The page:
3. Inheritance and other death benefits. A member of a married couple obtains a number of benefits at the time of death. A husband or wife can give his or her entire estate to the spouse without incurring any estate taxes.

        4. Ownership benefits. Under both state and federal law, spouses may have automatic ownership rights that mere partners lack. In community property states, people have automatic rights to the holdings of their spouses, and they cannot contract around the legal rules.

        5. Surrogate decision making. Members of a married couple are given the right to make surrogate decisions of various sorts in the event of the other’s incapacitation. When an emergency arises, a spouse is permitted to make judgments on behalf of an incapacitated husband or wife. Partners are far less likely to obtain these benefits.

        6. Evidentiary privileges. Federal courts, and a number of state courts, recognize marital privileges, including a right to keep marital communications confidential and to exclude adverse spousal testimony.

        #1, #2, #3 are social engineering and I think they should be abolished. #4 and #5 are the type of thing that my “legal unions” deal with.

        I’m not sure about #6. This isn’t a matter of private contract, and it may be a valuable function of government. I doubt that the Christians and progressives would get too worked up over this one matter, though.

      • vishmehr24 says:

        James,
        I notice that your list misses a word “Children”-the very reason the marriage exists. The Family Courts are interested in Children and thus the defintions of family and marriage are contested.
        Consider the case of Lisa Miller who lost custody of her biological child to her ex-lesbian partner. The ex-partner had no biological link with the child at all but the Court awarded her full custody.

  2. asdf says:

    So much of the economy is “flim flam”. If I sell someone a financial product they don’t need because I can play on their emotions I’ve provided a “service”. However, I think we can all agree the service in question didn’t increase anyone’s quality of life.

    It’s very hard to determine the value of services. Is it useful or just the product of some market failure. Hard to say. It’s easier with manufacturing. There is a physical thing you can point to and say, “at least this thing of tangible value came out of our labors”.

    • Zimriel says:

      Among the “services” are maintenance jobs, including healthcare.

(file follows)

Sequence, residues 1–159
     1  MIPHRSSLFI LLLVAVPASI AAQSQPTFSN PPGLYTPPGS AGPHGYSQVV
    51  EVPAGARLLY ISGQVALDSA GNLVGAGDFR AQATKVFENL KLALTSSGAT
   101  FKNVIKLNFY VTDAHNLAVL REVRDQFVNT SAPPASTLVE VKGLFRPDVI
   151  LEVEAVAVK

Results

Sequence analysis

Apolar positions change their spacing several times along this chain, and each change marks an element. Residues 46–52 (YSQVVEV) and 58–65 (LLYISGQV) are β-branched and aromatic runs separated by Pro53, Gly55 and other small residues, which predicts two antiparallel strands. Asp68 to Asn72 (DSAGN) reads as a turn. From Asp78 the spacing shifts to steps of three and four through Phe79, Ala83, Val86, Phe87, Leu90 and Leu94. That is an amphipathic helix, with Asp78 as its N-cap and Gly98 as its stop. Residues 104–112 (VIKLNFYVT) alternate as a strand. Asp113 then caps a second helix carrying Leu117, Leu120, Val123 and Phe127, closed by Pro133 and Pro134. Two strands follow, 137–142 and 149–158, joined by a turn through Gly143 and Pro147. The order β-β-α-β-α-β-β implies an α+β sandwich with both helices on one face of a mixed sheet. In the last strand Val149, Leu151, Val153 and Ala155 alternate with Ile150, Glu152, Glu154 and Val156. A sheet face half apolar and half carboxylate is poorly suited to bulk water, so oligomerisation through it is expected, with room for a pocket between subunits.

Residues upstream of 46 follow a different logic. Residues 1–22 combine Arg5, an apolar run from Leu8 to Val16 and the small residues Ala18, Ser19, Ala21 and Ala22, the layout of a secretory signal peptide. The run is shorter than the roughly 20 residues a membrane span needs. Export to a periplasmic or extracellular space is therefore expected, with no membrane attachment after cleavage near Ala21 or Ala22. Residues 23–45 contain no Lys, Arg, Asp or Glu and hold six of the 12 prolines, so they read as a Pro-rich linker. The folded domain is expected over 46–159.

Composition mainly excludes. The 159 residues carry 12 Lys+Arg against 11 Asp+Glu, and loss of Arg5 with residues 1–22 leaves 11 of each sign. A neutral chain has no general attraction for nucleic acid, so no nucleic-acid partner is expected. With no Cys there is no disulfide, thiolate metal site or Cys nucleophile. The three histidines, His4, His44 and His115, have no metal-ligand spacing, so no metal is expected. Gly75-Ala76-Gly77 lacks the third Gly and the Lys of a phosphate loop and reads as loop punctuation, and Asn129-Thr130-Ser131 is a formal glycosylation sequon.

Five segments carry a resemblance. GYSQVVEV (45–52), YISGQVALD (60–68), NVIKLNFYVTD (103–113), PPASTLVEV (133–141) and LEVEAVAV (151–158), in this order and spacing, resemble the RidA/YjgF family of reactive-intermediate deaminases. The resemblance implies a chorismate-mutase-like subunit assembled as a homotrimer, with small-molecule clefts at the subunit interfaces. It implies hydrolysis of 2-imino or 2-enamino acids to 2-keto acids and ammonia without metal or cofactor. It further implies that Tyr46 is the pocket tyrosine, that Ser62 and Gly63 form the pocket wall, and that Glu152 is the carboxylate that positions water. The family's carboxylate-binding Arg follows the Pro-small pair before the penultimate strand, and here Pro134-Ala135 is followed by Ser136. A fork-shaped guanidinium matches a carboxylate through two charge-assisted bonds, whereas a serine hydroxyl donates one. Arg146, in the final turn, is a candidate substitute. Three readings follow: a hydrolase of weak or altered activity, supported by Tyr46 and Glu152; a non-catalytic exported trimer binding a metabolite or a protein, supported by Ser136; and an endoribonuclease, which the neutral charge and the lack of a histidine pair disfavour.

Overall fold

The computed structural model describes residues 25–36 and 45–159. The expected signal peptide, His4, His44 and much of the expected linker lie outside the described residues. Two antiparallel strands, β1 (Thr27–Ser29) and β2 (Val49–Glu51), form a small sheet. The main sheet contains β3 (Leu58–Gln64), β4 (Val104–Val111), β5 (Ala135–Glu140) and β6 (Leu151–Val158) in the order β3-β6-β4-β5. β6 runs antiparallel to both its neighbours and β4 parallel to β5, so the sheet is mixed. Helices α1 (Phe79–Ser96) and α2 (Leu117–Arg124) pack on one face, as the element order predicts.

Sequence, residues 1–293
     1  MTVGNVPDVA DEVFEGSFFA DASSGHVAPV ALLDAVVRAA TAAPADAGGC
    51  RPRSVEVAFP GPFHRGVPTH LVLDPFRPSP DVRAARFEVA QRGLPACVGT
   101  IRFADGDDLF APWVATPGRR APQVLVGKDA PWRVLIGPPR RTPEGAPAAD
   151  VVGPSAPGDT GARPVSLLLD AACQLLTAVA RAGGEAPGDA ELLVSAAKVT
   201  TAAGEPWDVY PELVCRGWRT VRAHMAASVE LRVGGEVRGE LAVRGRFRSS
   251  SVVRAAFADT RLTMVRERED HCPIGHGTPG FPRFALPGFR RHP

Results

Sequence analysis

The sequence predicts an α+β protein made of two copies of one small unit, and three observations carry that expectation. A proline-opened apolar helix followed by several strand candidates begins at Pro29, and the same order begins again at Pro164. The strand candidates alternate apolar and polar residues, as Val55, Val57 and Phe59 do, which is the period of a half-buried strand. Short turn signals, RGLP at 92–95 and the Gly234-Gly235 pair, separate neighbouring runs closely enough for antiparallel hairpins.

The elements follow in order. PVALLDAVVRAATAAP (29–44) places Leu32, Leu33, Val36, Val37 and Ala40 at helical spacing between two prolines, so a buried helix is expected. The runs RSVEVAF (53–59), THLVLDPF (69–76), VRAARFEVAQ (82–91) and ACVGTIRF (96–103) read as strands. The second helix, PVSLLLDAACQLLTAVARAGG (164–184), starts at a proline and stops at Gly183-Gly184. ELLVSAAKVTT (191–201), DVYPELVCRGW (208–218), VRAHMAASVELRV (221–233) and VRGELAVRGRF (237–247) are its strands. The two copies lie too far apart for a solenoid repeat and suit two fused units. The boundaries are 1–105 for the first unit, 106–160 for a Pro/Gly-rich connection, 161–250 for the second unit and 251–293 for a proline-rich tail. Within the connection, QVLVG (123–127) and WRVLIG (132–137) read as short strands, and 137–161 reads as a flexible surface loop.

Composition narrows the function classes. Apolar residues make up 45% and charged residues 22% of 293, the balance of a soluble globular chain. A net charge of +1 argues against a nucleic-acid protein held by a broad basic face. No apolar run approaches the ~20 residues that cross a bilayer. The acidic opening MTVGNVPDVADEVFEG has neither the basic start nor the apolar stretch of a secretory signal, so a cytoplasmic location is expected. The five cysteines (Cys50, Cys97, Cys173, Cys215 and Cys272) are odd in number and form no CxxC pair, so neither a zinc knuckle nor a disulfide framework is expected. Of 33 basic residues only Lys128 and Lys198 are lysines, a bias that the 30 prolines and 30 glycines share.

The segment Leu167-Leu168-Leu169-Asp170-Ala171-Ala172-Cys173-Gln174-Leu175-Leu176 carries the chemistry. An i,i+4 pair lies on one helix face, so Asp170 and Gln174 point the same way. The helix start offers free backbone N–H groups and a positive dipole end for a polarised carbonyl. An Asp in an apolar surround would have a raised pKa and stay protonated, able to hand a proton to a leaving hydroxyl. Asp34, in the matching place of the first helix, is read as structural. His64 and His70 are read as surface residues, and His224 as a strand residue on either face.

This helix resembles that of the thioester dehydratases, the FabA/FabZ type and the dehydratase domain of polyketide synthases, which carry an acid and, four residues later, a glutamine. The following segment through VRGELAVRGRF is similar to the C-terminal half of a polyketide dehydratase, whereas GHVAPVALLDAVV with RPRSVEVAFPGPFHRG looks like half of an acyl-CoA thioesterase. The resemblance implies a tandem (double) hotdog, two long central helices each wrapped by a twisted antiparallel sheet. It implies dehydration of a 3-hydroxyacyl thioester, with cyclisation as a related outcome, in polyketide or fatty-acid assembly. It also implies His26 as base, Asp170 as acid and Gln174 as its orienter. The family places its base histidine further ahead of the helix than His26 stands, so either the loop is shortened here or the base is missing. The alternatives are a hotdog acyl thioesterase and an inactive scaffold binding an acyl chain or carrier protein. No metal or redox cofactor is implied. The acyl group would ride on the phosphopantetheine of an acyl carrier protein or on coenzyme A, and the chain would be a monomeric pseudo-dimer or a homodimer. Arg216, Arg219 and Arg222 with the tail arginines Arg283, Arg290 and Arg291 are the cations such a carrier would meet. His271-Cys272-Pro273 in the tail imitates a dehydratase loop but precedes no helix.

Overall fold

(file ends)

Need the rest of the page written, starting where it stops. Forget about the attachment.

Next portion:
Maybe curing my melanoma (say) is worth $10,000,000 to me. To some of my friends it might be worth $100. To you it’s worth probably 5 cents. (Since you don’t know me.) To certain people round ’bout the web, they might pay $2000 just to watch me die of cancer.

      So when someone says “value” I have to ask, for whom? And then we get into the only means of value we have, which is the agreed-upon amount for the service offered.

      • asdf says:

        Healthcare services are tangible. You were sick, now your healthy. It’s a real thing. I think we can both agree that if a guy sold you sugar tablets saying it was medicine then it would not be considered a valuable service. We used to call such doctors “quacks”.

        Anyway, I’m a little tired of the church of subjective value. Yes, people do value things differently. However, we all know that some people value things incorrectly. It’s bloody obvious, you no doubt speech as such everyday. If you pay $100,000 for some sugar pills you got bamboozled. End of story. That price isn’t “correct” or “the best” because you agreed to it. If some third party had stepped in and stopped the transaction (like the FDA) you would be a lot better off.

        Now we can have an argument about whether the FDA, or any government body, truly can determine value better then consenting individuals (sometimes?, ever?) However, let’s not pretend that value is just some subjective reality we make up. It has a real objective component. That’s why we talk about things like people getting ripped off. Because they pay for something thinking it has value X but it really have value Y.

  3. “Totalitarian democracy?”

    What the hell is with all this rhetoric of trying to shame democracy on democracy’s own terms? Why do we need to prove that autocracy promotes freedom, or that democracy promotes slavery? These things aren’t true, but it’s a bit baffling to me that people who’ve ostensibly turned to the Dark Side care so much to keep a leftist frame (I can only imagine that this is the cause behind the Moldbug-Hanson debate).

    I like Roissy’s idea much better (ironic, since he’s a paleocon at best): Just ask them why they fuck goats.

    Jeeze, guys, you’re Dark Lords now. You’re allowed to cackle madly.

  4. Piscitelli says:

    I actually esteem an individual’s wordpress concept, where take care of you get a their hands on it thru?

  5. Handle says:

    Derb has a post detailing his “Dark Enlightenment” blogroll. I’m sorry to say that neither you, Spandrell, nor nydwracu were on it, which are outrageous oversights.

  6. SOBL1 says:

    Witht he current state of election fundraising, our 2012 election was between Crony Social Darwinism vs. Crony Socialism.

    Your ‘randoms’ link posts are always good to read. Thanks you for assembling them.

  7. asdf says:

    Foseti,

    My government employment ended a week ago. I don’t know how you do it. I found it the most depressing year of my professional life.

  8. James says:

    What do men want?

    Men want to sell their scrap girlfriends for cash
    And spend it getting too high
    Men want to kick back on the holodeck
    Surrounded by 200MB of high-def NPCs

    Women want to wear tissue-thin silk
    Woven from the stringy remains of scrap men
    Women want to be transmuted
    And sent into orbit